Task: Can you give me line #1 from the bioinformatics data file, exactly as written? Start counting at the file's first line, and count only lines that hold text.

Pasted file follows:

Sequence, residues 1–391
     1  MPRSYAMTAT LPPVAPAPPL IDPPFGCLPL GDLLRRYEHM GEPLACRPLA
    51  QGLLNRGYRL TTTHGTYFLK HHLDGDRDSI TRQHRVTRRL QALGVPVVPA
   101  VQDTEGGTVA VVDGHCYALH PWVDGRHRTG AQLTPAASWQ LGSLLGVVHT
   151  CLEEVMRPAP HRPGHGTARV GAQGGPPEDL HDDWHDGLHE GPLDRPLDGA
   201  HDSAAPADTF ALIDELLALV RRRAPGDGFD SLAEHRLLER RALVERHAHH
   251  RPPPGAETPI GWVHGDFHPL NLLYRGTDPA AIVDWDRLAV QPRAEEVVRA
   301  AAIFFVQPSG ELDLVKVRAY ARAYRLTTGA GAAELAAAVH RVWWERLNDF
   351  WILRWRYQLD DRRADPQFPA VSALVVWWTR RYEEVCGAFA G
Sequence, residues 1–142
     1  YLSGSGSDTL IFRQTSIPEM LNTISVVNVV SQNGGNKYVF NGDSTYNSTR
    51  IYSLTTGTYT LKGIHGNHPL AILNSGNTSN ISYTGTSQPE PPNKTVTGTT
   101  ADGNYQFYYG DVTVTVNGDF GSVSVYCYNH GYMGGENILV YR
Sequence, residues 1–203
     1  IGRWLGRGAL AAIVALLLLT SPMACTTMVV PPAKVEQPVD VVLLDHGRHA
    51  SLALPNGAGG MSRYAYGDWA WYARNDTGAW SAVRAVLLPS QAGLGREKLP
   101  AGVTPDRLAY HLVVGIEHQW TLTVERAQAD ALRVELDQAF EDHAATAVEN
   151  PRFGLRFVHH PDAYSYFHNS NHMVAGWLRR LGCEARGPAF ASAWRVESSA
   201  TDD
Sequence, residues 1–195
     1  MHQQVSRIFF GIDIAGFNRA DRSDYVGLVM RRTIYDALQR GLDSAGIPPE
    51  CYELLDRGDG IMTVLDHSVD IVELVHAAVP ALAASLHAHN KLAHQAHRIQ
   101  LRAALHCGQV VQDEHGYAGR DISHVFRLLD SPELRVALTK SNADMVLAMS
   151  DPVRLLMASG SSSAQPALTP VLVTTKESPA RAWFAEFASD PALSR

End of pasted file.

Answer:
Sequence, residues 1–391